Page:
Is this the beginning of something wonderful? I don’t know, but I do know this: it is the start of one less post I must fret about per month. Now I can be on virtual autopilot for one fourth of my postings. (That might be a bit optimistic, now that I think of it.) Don’t get me wrong, I’ll still make an effort, it just doesn’t have to be some fresh, innovative, unheard of and clever topic. Featuring my favorite plant for every month is a very worthy topic however, if for no other reason than to prove that Alaskans can grow at least twelve plants.
So without further ado, my choice for “Plant of the Month: May 2010” is Bergenia. Yes, that’s right, lowly Bergenia, or Pigsqueak as it’s also known. Why not something flashier, or more exotic, you’re thinking. Well, in zones 1-5, which cover most of my (rather large) state, we tend to go for sensible…it saves money. How did I determine my winner for the month of May? I scrolled through my vast quantity of (mostly terrible) garden pictures and I realized approximately one in four shots included a Bergenia.
I’m not picky as to species or variety. If it survives, chances are, it will perform well for me. After checking my handy “master yard list” on ye ol’ Excel spreadsheet, I notice lines 27 through 35 are all Bergenia. Nine entries on the computer rates recognition as a small collection, I suppose. My favorite thus far: B. ‘Tubby Andrews,’ pictured below, in a group shot with Geranium ‘Johnson’s Blue, some daffs, ferns, Sagina subulata ‘Aurea,’ and Alopecurus pratensis ‘Aureus.’ The flowers on this one haven’t been spectacular for me, but I am a sucker for unusual foliage.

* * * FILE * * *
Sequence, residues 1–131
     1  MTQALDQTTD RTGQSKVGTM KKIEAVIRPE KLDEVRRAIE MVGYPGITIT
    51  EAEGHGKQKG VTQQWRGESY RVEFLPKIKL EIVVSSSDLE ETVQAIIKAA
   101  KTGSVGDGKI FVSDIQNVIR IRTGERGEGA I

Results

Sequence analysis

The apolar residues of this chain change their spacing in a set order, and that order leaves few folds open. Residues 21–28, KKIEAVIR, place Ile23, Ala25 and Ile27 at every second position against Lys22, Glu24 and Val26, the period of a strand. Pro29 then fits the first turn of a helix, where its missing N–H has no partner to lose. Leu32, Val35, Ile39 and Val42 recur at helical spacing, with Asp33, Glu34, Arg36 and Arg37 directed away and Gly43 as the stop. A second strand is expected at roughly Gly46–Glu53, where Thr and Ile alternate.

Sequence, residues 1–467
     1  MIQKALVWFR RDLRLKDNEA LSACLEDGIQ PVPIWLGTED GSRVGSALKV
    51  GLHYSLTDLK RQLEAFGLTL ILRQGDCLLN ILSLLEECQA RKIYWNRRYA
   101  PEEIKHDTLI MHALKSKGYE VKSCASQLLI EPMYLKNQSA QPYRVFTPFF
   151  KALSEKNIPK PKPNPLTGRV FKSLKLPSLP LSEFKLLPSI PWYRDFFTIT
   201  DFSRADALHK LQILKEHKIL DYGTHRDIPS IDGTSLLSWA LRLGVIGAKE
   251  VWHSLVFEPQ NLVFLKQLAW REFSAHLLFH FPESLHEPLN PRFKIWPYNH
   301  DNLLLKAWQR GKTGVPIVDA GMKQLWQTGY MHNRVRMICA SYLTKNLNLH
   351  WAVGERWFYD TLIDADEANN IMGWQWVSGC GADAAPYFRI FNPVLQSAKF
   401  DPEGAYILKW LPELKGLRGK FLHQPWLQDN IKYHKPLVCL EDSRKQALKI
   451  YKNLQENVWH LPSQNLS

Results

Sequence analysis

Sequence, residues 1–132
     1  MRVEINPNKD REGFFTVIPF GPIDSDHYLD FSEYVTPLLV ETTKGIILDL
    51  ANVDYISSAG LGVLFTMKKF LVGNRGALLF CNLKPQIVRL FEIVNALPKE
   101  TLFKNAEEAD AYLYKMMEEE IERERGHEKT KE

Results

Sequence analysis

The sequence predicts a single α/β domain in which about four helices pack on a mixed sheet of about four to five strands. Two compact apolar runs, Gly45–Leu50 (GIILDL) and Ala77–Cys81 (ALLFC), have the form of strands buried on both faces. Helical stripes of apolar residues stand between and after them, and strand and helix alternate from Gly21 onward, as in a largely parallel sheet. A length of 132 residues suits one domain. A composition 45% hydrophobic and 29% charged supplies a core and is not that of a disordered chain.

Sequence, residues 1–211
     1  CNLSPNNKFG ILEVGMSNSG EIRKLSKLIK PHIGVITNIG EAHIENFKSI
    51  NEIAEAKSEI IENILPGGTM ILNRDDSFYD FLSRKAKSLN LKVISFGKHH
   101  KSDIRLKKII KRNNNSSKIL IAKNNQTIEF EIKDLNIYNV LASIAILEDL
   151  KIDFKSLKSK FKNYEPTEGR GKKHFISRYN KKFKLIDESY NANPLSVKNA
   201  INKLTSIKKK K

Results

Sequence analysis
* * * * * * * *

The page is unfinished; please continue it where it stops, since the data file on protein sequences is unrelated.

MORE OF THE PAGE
Some quick stats and info on Bergenia in my yard:
Where: sun or shade
1. flowers in spring/summer,
2. one of the earliest perennials to flower in Alaska,
3. boldly shaped foliage that contrasts well with other perennials and grasses,
4. several flower colors available including purplish, pink, white,
5. the foliage on some cultivars turns red or burgundy in the fall,
6. tough plant, can stand some neglect,
7. good grief…how many reasons do you people need?!
How: plant and forget. Well, not quite. I do throw in a handful of compost or rotted manure at planting time and water well the first year to aid in establishment. I tend to like large groupings, they have more impact and make decent ground covers.
This plant is like that singer in the church choir. No, not the one who is always a little flat, sings a beat ahead/behind of the rest, or the one who never attempts to blend their (rather too loud) voice. We are referring to the singer who is always in the background a bit, never obnoxious, but always spot on, pitch perfect. Bergenia is not the diva in my garden choir.
What was your plant of the month for May? Or what plant did you take the most pictures of?